Dana and Jerry Drake first meet in a night club in Manaus, the “Alvorada”, on the notes of My Funny Valentine. Later, the genial pianist will have the chance to appear in other episodes of the saga, chiefly in Belve umane, where he his the co-protagonist of a tense adventure. Mister No usually asks him to play an “evergreen”, I Only Have Eyes for You (one of Sergio’s favorite tunes), but Dana is also the man who embodies Jerry Drake’s blues spirit, the sweet and nostalgic part of his soul.
FOR SERGIO, MUSIC WAS, IN HIS OWN WORDS, ONE OF HIS “EMOTIONAL POINTS OF REFERENCE”. And, beside jazz, he loved also other genres of music. A particular passion of his came from his unabashed love for Brazil and its culture. Samba and bossa nova and, in general, all the songs of the main “Carioca” singer-songwriters were among his favorites. Often, you could hear from his studio in the editorial building the melancholic notes of Chega de saudade by João Gilberto. Along with it, other classic tunes like Garota de Ipanema, Sem Você, Insensatez, A felicidade, Só em teus braços, O que tinha de ser and Desafinado had a place in his heart as a listener. Antonio Carlos Jobim and "the poet”, Vinicius De Moraes, were some of his favorite authors.
Jerry Drake makes his first acquaintance with Dana Winter’s
singing ability (art by R. Diso, from Mister No N.13).
Once he wrote: "I never ceased giving to my stories for Mister No a soundtrack that only I could hear. This, either in the scenes where our romantic Jerry was clearly dancing, singing or going into a place where somebody was playing guitar; and in the most spectacular and exciting pictures, where the pens of our artists showed the landscape of the great river, seemingly flowing away towards the infinite, the golden beaches kissed by the waves, the chaotic vitality of a market place... Just to try and convey an atmosphere that could best describe ‘my’ Brazil, I took the habit of listening to a lot of music, from a heap of vinyl records, cassettes and CD, where no-one of my favorite artists was missing".
An album where João Gilberto revisits
Tom Jobim’s masterpieces.
I BELIEVE SERGIO KNEW WELL THE FEELING THE BRAZILIANS CALL SAUDADE, A WORD THAT DESCRIBES a certain form of melancholy, something possibly akin to nostalgia. An inexplicable longing, an enigmatic and nameless desire from the soul. Saudade lives in the realms of imagination and inspiration, it’s the desire of being transported from darkness to light, of being touched by the hand of something that doesn’t belong to this world.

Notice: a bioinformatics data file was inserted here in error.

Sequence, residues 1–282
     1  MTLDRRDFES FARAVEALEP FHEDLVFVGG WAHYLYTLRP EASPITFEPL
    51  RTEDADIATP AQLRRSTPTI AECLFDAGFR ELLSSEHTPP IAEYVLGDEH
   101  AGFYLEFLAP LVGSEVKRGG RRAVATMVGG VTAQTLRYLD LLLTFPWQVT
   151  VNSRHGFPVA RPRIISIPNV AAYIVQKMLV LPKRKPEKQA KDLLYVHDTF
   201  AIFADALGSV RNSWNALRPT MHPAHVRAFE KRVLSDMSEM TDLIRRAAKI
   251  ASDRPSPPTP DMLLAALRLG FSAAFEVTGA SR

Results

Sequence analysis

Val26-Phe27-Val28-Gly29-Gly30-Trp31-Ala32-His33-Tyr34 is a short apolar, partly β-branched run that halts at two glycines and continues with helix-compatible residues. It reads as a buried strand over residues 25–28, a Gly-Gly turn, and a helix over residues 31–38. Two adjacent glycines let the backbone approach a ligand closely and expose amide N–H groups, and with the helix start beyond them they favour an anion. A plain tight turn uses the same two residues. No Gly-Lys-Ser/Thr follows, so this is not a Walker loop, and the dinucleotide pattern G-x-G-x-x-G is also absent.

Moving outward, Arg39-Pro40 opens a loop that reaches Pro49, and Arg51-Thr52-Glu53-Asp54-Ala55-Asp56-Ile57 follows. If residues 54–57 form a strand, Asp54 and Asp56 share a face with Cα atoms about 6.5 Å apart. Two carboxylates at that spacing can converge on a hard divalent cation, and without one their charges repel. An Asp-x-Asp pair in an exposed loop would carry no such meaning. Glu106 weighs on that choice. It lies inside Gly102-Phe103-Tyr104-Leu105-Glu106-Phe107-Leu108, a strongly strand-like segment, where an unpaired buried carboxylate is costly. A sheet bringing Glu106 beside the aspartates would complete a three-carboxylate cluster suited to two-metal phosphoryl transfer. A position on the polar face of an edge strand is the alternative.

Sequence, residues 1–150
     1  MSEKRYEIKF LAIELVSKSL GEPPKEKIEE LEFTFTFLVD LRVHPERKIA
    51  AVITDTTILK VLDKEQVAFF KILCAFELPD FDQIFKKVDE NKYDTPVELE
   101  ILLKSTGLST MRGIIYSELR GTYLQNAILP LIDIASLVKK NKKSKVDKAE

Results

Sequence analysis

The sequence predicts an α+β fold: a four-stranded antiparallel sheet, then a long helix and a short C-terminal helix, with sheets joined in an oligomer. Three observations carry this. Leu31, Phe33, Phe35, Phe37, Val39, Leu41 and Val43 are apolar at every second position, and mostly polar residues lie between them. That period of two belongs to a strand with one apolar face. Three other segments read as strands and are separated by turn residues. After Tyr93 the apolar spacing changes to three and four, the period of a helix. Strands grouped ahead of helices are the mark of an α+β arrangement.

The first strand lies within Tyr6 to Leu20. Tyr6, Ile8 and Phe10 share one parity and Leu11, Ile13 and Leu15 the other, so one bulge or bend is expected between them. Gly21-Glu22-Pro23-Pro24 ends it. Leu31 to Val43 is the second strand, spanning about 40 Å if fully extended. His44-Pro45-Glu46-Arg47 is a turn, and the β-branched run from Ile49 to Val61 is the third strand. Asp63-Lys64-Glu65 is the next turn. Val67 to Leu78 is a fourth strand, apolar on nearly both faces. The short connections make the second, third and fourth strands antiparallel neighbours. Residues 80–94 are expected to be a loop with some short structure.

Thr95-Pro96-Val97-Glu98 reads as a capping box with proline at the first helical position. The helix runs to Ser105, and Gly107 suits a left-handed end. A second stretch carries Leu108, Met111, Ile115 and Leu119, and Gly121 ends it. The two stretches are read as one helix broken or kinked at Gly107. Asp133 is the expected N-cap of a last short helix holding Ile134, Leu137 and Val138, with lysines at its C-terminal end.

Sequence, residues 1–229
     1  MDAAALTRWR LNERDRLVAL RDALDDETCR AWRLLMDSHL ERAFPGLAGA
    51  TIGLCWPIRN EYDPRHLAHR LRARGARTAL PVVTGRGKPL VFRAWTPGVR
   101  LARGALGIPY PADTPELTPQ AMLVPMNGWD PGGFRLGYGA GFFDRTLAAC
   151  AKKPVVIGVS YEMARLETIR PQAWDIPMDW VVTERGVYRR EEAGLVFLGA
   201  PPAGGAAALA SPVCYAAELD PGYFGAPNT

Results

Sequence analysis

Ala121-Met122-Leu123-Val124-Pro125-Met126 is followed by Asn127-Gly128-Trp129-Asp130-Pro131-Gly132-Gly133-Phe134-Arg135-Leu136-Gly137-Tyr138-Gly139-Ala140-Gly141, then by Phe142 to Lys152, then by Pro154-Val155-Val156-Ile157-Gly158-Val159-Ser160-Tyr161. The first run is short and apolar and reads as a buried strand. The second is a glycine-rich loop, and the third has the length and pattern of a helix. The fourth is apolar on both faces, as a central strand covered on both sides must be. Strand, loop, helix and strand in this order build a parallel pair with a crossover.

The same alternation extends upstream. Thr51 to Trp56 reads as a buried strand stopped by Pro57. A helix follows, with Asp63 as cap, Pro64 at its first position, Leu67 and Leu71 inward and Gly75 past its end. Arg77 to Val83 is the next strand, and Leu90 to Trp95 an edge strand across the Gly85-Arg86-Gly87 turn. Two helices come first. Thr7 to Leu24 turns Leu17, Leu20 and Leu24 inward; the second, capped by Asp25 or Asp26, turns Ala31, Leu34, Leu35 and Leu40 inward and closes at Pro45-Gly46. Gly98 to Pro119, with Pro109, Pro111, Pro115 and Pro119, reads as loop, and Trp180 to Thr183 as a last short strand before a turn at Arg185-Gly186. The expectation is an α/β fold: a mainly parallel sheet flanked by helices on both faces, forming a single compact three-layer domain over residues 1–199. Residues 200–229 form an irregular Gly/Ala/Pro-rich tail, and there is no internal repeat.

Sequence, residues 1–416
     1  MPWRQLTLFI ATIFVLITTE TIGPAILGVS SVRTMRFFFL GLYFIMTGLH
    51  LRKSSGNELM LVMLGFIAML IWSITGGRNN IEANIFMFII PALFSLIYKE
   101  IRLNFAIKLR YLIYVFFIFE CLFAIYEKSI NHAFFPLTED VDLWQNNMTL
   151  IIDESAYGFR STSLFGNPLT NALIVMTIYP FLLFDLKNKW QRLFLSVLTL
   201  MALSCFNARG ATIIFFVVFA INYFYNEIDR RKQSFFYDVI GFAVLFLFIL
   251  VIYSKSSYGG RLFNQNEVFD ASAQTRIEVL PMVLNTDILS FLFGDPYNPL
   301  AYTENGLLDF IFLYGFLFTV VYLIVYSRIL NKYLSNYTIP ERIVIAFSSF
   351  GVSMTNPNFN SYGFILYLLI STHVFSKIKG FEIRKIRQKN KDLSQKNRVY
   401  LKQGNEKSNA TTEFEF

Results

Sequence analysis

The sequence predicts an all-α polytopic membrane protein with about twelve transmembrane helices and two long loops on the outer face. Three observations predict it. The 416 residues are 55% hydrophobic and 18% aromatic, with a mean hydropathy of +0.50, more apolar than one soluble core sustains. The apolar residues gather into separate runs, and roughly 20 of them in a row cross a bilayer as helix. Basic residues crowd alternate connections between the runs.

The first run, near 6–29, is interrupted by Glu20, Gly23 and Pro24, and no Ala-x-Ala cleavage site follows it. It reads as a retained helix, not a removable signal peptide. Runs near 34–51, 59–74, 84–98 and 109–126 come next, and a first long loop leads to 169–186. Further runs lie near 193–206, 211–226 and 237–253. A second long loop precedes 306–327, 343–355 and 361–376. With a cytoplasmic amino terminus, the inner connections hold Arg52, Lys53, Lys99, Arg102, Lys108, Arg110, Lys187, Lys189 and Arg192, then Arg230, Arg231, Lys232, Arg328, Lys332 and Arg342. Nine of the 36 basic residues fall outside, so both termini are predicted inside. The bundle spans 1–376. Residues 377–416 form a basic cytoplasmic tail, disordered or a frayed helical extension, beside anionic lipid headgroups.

All of Mister No’s story, the tale of the “gringo” who leaves the civilized world to take refuge in the Amazon forest and build a new life, is infused with moments of "saudade": from the beginning to the end, when our anti-hero finally appears to find a new chance in a remote corner of Bolivia. And the whole Mister No saga sounds like a very, very long “standard”, a well-orchestrated musical score of the soul, a love song that cannot simply be happy, but must resound with the whispers and the moans of anguish, and the echoes of pain.
The cover of the single "Orange Blossom Special" by
the "king” of the American Country music, Johnny Cash.
JAZZ, BRAZILIAN MUSIC, BUT ALSO THE SONGS OF THE FRENCH “CHANSONNIERS”, Johnny Cash’s country music, the Western film soundtracks, rock'n'roll from the 1950s, and the Italian Beat music were the soundscape that our publisher loved the most. Sergio was a very curious listener, always ready to surprise you with a quotation from some song or the other, or with a request to listen to something new, when he happened to read a particularly interesting review about a song. Sometimes, when he was in a really good mood, he enjoyed humming some of his favorite tunes.
He had a good voice and sometimes I think that, in one of his possible lives, he really could have been a musician, maybe a “crooner” or a sax player à la Art Pepper. Music always paced the rhythm of his days in our editorial office: late in the morning, the small hi-fi system of his studio played the warm sound of a saxophone or Jobim’s "cantar baixinho" (mellow singing).
IN THE LATE AFTERNOON, SERGIO BONELLI TURNED ON ONE OF THE TWO WONDERFUL, HUGE WURLITZER JUKE-BOX THAT MADE A FINE SHOW IN THE CORRIDORS OF THE OFFICE. Watching the tonearm of the record player glide on the vinyl’s grooves, staring at the decoration and the ornaments on the front and the sides while they lightened and changed colors was a memorable ritual. Sergio’s eyes were full of happiness, like a child playing with one of his favorite toys. I stood there, watching him, enjoying the scene. And then... I let that magic envelop me, I let the music flow inside of me, enjoing that complicity that came from sharing the same, identical passion.